To answer this question you should reflect on the main goal of your talk: get the key points across to an audience of mostly non-experts. Since you don’t have much time, you won’t be able to focus on lots of technical detail. Yes, the proof, type rules, equations, etc. are the key technical results of your paper, but it’s best to reference them for interested readers to see later. Be ruthless in what you don’t include; keep only the essence, and reference the rest.
On the other hand, making vague, ungrounded claims is not very illuminating or convincing. Your best weapon is to use examples. If your paper is about a compiler optimization, then you could show an example program, and then show how it is optimized normally, and with your technique. If your paper is about how to prove a program property like termination, you could use examples that exercise the different features of your technique. Hopefully, you’ve already done this in your paper, so it’s just a matter of adapting them to the talk format.
I usually like to include some parts just for the experts. Doing so helps initiate useful conversations after the talk. These parts might use some jargon or notation or connections to related work only experts would know. Try to do this in a way that the general audience can still see where you are going; you might warn them that you don’t expect them to understand these bits.
I won’t spend a lot of time on how the slides of your conference talk should look. There’s actually a lot of advice from others on this, which I’ll mention below. Here are some quick thoughts.
First, keep in mind the principle of “twice told” (or thrice told): If there’s an important point you want to make, make it several times in different ways. Your point should not just be a picture, or just text: it should be both. That way, you will say it, they will see it, and they will read it. Hopefully, as a result they will internalize it.
A related point: Titles of slides should be about key points. Usually there should not be a more important piece of text on the slide. If there is a pithy statement on the slide that is more important than the title, then move it.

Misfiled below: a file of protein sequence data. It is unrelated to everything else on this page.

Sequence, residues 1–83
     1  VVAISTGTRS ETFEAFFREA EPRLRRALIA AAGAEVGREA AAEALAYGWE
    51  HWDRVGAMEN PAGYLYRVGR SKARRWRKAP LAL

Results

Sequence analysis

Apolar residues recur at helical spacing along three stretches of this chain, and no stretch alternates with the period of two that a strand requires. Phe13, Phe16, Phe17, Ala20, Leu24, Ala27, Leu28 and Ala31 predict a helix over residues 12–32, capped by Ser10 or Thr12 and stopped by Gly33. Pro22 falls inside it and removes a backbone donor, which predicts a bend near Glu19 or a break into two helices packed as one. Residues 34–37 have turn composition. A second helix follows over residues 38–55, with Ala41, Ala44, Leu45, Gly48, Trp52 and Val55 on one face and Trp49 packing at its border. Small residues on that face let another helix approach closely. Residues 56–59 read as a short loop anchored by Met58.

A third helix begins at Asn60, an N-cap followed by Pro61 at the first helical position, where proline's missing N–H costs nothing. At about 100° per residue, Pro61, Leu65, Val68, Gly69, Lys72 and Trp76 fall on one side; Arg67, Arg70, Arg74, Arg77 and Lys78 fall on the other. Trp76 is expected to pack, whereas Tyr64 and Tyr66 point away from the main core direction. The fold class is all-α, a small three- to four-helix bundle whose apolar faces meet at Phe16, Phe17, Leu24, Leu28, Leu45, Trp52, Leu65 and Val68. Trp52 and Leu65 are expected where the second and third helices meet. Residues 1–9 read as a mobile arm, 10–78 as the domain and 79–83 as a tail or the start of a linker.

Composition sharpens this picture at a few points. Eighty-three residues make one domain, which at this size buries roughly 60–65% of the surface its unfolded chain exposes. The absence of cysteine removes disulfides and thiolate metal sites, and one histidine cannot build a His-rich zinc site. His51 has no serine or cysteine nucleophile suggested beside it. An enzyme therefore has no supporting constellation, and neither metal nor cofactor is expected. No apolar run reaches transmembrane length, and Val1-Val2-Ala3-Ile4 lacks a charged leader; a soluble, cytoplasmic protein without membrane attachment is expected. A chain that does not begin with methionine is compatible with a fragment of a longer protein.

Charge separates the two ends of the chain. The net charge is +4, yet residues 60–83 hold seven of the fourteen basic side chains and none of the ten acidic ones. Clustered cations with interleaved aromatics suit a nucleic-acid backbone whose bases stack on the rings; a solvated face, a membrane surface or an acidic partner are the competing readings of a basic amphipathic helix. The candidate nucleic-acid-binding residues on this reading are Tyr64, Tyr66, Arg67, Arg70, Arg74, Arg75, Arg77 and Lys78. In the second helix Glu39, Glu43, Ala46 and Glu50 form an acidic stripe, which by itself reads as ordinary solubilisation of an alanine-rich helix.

Slides should not be long lists of bullets (only). Lists are useful as an outline for you, but they are boring for the audience. Oftentimes I will write bullet lists first, but then ask myself: Can I say this with less text, and without bullets? How could I use a figure, animation, or other illustration? This process leads me toward the “twice told” principle, and also leads me to reduce text that is only narrative.
Finally, a pet peeve: Your last slide should not just read “Thanks!” Such a slide conveys no information. Instead, have your last slide summarize the key points you were hoping to make in the talk itself. It will stay up on the screen while you answer questions, and so people will have an opportunity to read it. Pointers to more information also make sense on the last slide.
There are several other sources of advice on making talks that I’d recommend. First, I’d recommend Simon Peyton Jones’ papers and talks on how to do research. Derek Dreyer gave a nice talk about giving talks at PLMW at POPL’18. Both Simon and Derek’s (meta)talk slides are examples of good talks! Michael Ernst also has good advice about making and giving talks. Most of what I’ve said here is complementary to what is said by these excellent presenters, though we do differ on some things.
Also, for inspiration, I would recommend finding talks by great speakers. Lots of conference talks are now recorded and free on-line. I particularly like talks by Simon Peyton Jones, Derek Dreyer, and Ranjit Jhala (off the top of my head). Who are your favorite speakers, and which are your favorite talks? Link them in the comments!
Conference talks on rigorous research are a great asset of the computer science culture. Giving a conference talk is a great opportunity to share your research with an interested audience in a way that increases its impact and relevance. A talk can be the start of a conversation that leads to new ideas and collaborations. A great talk takes effort and practice, but doing it can be fun and rewarding.
- Other talks you give — to your own research group, for a dissertation defense, for a panel, for a keynote — will have a different audience and goals than a conference talk, and will differ somewhat. ↩